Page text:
In all those cases, and more, 5G and network slicing will allow the service provider and application developers to envision the ideal network architecture for their specific purposes. Thanks to SDN, NFV, VNFs and lifecycle service orchestration (LSO), a virtual network can be provisioned end-to-end, embracing the mobile devices, the data center and cloud services, and everything in-between. The advanced functionality of 5G will ensure that the radios in towers, small cells, smartphones, and the Internet of Things (IoT) are an integral part of the service’s network slice.
The capabilities of modern networks will unleash those possibilities. As multi-carrier SDN networks become more common and performant, new applications will emerge that leverage the low-latency, high-reliability of 5G networks. And that’ll be true of applications that require a lot of bandwidth, such as mobile gaming and fixed-mount security cameras, as well as those that have more modest requirements in the automated factory, connected car, and modern business.
Maintaining Quality of Service
As Spiderman’s beloved Uncle Ben teaches him, “With great power comes great responsibility.” 5G network slices have the potential to become quite complex and resource-intensive. If the virtualized requirements for those networks are not carefully designed and properly instantiated on physical networks through orchestrated SDN, they could become hogs that run slower than expected, consume more resources than anticipated, and become brittle and unreliable.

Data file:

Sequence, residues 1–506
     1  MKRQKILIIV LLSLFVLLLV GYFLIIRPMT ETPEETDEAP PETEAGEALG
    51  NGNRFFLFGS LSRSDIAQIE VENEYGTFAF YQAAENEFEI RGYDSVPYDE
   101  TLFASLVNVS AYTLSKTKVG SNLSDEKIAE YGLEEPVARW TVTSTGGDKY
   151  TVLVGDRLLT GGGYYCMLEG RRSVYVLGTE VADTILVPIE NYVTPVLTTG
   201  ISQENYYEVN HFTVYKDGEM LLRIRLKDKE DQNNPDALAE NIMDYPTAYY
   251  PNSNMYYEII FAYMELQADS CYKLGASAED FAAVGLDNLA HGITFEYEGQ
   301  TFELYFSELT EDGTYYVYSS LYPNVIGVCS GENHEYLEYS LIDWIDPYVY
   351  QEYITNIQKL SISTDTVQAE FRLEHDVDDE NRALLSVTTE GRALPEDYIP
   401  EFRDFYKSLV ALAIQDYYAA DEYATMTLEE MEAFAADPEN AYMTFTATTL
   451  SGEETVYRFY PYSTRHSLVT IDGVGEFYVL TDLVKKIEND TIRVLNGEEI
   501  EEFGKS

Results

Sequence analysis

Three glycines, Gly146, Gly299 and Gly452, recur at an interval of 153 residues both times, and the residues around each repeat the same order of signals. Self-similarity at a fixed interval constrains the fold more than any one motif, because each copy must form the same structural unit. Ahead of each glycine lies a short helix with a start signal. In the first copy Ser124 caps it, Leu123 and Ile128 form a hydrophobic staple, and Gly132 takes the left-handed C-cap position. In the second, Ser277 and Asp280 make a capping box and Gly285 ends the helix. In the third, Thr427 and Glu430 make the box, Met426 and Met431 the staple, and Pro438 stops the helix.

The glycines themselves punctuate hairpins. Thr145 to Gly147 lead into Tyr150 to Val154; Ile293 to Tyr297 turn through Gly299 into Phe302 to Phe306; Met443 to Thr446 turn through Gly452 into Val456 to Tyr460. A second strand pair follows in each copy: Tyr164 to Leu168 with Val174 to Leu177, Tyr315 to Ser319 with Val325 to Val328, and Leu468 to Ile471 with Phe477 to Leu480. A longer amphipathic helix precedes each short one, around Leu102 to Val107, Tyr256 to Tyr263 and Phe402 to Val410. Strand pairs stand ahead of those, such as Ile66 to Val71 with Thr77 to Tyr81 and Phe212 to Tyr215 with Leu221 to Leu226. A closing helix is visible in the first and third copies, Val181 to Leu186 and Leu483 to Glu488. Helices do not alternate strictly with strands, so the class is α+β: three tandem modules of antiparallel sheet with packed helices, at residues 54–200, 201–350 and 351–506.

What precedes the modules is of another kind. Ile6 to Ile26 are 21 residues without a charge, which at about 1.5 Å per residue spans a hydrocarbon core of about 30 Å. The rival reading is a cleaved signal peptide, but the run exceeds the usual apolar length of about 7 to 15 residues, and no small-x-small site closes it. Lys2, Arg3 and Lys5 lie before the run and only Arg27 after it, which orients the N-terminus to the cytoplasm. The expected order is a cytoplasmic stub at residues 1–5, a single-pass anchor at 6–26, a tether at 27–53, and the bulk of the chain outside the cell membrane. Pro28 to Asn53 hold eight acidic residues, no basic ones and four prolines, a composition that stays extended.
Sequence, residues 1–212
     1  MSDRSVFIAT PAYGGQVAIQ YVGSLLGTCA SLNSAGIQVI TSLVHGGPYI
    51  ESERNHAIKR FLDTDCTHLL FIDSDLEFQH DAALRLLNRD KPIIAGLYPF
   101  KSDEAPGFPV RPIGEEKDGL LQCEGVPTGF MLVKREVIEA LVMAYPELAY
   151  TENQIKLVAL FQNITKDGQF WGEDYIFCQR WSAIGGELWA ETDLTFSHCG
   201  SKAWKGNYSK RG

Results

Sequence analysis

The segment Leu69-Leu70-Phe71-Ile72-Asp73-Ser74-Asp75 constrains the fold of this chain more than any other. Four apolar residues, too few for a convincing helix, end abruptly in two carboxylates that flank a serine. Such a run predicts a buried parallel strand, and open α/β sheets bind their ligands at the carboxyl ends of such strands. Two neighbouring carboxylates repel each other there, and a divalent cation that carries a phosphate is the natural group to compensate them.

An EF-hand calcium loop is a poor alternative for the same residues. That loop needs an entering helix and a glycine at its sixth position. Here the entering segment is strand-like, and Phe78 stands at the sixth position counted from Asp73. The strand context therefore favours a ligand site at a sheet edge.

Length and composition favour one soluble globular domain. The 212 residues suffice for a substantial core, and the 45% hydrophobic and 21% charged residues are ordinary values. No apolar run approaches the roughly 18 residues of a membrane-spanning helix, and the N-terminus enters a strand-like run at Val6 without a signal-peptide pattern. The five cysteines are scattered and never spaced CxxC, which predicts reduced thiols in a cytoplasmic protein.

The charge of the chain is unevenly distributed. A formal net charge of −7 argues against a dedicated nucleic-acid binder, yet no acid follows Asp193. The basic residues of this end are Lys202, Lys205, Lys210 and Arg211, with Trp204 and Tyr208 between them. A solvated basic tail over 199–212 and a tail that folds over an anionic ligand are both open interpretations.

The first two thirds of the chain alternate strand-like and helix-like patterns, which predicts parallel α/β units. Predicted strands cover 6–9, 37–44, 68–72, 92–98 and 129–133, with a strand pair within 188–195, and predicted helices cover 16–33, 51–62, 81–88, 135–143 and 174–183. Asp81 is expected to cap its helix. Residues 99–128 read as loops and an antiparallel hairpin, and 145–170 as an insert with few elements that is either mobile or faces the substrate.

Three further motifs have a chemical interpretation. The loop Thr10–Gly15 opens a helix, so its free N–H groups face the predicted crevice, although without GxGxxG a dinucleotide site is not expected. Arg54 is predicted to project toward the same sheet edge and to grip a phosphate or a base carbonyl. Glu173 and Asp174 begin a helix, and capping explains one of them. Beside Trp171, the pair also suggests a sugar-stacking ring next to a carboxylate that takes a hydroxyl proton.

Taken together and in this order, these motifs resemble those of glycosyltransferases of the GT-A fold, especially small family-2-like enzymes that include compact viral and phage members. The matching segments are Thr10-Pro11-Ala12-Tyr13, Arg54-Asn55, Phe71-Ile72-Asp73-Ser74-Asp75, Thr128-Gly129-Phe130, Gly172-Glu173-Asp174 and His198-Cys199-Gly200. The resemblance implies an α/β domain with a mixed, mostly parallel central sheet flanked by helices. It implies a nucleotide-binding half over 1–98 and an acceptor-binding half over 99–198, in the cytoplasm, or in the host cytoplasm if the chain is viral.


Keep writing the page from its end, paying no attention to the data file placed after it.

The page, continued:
This can become a particular problem when it comes to the wireless portions of the virtualized networks and the 5G network slices. The bandwidth and capability of mobile networks are quite constrained; whether microwave, 802.11, or cellular data, there’s only so much available, and in the case of cellular data, the end-user may have caps and charges on its use, and wasting that resource may cost the customer money. Even on mobile backhaul and small-cell networks, there’s only so much radio to go around on today’s often-oversubscribed networks.
This points to the need for not only careful design, but continuous monitoring of 5G network slices. A failure of a 5G network means more than a service outage that must be routed around or solved through the rapid fail-over to a backup network. It could also have adverse affects on the other applications requiring the carrier network, microwave tower, and even the mobile device itself.
As we move into the exciting new world of 5G networks, and begin to develop, design, and deploy network slices for services and applications, it’s essential to consider service assurance every step of the way. End-to-end service assurance – extending through the RAN and other aspects of the mobile connection will be key to ensuring that service level agreements are met, resources are used effectively, and customers will be happy.
With great power comes great responsibility. As with Spiderman, 5G offers the potential for great power in mobile networks. The responsibility? Service assurance for SDN and the IoT. It’s the best way to go when planning to deliver excellence for the many opportunities in 5G.